Everything you know is wrong (Facebook edition)

Like many observers, I have often cited Facebook, along with Fox News, as one of the most dangerous forces promoting disinformation and polarization. Its algorithms feed you what keeps you engaged, and what keeps you engaged is what makes you angry and upset.

But what if most Facebook users don’t even see news? Nieman Lab editor Laura Hazard Owen conducted a real-world experiment. And what she found ought to give us pause:

Even using a very generous definition of news (“Guy rollerblades with 75-pound dog on his back”), the majority of people in our survey (54%) saw no news within the first 10 posts in their feeds at all.

Moreover, the top three most frequently seen news sources weren’t the likes of Newsmax, Breitbart and Infowars — they were CNN, The New York Times and NBC News, which epitomize the mainstream.

I asked Owen to clarify whether her definition of news popping up in people’s feeds was restricted to content that came directly from news organizations or whether it included news stories shared by friends. “It was ALL news,” she replied, “whether shared by a news organization or a friend.”

Is it possible that we all misunderstand the effect that Facebook is having (or not having) on our democracy?

Comments are open. Please include your full name, first and last, and speak with a civil tongue.

3 thoughts on “Everything you know is wrong (Facebook edition)

  1. aaronread1

    In her own words: “My sample size was small and shouldn’t be used to draw sweeping conclusions about Facebook news consumers overall.”

    I have to do more a of deep-dive into her methodology but that right there is what jumped out at me: she had a sample size of a mere 173 participants and, worse, they were all self-selected. I think her article is interesting but at most it’s probably only a call for more research. A call that, unfortunately, is presented in a way that a lot of people could very easily cherry-pick as “oh, I guess Facebook is harmless after all.”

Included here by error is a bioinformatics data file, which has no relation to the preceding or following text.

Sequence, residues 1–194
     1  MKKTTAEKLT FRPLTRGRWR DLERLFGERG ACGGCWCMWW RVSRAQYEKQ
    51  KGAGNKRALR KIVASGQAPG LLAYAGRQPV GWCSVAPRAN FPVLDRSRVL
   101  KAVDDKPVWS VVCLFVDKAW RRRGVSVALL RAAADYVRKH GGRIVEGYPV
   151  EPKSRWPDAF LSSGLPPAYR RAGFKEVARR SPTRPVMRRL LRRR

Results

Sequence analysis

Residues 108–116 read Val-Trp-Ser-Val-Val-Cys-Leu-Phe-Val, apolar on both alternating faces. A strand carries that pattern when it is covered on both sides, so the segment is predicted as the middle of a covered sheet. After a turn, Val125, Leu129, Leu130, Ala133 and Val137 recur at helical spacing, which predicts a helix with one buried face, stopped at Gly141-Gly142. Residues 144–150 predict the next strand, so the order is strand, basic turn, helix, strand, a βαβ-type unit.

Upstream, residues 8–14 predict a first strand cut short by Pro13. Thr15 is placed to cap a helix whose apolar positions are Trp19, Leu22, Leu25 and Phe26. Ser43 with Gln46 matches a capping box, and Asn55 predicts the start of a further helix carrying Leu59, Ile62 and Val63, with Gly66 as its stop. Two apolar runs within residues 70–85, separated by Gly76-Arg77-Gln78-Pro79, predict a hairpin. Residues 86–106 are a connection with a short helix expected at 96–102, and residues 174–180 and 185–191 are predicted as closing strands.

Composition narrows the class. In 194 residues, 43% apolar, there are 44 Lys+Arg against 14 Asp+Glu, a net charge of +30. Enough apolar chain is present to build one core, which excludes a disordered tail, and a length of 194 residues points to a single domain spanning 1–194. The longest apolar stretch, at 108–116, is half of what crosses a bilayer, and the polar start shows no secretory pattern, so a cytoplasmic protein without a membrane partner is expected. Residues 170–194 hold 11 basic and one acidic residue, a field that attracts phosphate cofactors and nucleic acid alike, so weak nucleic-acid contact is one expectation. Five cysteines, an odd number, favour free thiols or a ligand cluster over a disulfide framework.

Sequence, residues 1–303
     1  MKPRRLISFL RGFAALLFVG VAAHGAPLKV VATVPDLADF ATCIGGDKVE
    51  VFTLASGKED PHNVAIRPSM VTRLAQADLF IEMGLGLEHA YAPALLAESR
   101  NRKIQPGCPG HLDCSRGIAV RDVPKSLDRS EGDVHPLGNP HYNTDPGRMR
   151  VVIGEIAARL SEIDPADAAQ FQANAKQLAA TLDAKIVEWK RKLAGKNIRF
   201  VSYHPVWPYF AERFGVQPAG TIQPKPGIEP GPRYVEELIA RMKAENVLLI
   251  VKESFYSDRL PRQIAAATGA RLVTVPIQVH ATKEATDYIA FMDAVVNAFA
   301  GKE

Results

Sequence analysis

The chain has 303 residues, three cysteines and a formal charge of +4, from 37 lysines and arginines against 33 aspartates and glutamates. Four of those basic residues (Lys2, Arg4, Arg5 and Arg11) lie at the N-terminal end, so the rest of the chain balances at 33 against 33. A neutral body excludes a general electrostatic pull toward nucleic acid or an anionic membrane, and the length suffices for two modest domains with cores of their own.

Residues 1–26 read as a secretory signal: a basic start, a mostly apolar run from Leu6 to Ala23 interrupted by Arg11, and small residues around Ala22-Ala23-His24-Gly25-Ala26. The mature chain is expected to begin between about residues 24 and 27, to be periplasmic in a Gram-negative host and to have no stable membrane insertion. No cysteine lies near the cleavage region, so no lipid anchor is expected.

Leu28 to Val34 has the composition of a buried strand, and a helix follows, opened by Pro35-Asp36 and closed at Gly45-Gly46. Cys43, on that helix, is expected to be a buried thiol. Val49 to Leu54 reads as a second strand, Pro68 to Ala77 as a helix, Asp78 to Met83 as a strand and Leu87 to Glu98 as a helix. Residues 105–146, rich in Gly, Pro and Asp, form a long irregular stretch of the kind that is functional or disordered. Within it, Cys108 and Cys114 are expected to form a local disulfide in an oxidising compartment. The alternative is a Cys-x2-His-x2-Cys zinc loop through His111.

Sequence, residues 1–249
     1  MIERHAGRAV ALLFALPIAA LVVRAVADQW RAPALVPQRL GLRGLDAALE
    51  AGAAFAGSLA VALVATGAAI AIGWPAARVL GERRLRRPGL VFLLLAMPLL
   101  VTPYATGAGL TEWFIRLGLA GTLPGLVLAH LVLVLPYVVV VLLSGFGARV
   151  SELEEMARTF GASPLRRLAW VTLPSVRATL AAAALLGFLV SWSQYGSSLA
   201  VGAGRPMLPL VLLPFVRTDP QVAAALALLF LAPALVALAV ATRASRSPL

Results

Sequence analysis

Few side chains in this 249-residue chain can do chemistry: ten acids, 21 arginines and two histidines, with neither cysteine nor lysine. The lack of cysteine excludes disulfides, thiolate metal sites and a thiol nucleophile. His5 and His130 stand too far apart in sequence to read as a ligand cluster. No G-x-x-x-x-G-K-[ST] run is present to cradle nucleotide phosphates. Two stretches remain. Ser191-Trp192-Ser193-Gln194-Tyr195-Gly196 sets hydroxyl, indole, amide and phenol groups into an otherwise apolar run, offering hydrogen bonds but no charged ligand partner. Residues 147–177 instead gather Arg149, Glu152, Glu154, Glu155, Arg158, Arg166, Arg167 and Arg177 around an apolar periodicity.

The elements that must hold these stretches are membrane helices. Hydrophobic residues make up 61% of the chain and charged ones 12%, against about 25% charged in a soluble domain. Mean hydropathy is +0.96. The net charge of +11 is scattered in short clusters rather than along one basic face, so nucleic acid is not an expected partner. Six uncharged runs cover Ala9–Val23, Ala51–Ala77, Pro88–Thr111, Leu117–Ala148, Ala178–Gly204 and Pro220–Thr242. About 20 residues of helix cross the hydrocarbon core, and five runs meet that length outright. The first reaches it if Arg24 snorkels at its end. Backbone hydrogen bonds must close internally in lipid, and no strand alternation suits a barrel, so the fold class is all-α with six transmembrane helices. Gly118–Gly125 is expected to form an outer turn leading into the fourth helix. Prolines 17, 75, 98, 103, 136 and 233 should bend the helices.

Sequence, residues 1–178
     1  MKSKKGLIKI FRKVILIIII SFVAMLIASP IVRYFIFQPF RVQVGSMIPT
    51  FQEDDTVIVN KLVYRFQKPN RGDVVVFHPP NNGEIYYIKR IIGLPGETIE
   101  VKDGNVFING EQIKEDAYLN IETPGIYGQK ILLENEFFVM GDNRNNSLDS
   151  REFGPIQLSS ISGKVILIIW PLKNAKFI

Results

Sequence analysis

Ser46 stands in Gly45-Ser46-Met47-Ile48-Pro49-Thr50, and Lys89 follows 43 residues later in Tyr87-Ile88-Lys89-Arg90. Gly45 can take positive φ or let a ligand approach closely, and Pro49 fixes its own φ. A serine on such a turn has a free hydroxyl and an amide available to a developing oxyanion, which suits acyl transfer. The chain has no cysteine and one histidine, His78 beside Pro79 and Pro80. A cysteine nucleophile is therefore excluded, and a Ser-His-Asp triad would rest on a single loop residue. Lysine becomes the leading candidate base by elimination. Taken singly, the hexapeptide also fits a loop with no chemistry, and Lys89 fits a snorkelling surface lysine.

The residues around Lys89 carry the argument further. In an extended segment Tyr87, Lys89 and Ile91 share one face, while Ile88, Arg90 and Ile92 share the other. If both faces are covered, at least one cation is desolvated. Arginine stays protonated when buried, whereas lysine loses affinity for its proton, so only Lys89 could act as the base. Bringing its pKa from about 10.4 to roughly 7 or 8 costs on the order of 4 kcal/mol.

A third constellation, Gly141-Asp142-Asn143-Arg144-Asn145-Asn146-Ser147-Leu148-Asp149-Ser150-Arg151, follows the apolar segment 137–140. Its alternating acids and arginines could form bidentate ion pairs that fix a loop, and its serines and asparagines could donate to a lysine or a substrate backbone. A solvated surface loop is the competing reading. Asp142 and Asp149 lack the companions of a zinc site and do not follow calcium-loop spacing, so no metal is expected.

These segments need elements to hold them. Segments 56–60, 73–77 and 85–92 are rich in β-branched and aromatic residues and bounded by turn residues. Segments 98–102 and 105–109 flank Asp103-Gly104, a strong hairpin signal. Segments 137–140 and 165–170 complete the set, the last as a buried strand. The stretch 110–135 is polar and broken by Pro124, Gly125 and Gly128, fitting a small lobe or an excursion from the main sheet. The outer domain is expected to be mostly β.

If there’s one thing we’ve learned, it’s that Facebook is amazingly good at manipulating data.

  2. Deborah Nam-Krane

    Interesting! The two takeaways I have from that piece: 1) Conservative or very conservative people see more news than others and 2) the more news you read away from Facebook, the more you see on Facebook. For me, the issue with Facebook in general but news especially is the “filter bubble” effect: the algorithms follow you around all over the internet as well as the site, get a sense of what you respond to, then keep giving you the same thing. I’m glad to hear that the company is probably not spreading disinformation for everyone, but it’s still pretty damaging to entrench people’s opinions and not challenge them.

  3. Laurel Strand

    Until about a month or two ago, my Facebook feed was set to give priority to posts from media outlets such as the New York Times, the Washington Post, Atlantic magazine, and two local media, the Seattle Times and Crosscut. Then one day my feed suddenly and inexplicably ceased to feature these posts. Instead, now I see posts by friends, a large portion of which are shared memes and music videos, and a *lot* of sponsored ads. When I try to reset my News Feed Preference, this error message pops up: “Sorry, something went wrong. We are working on it and we’ll get it fixed as soon as we can.”

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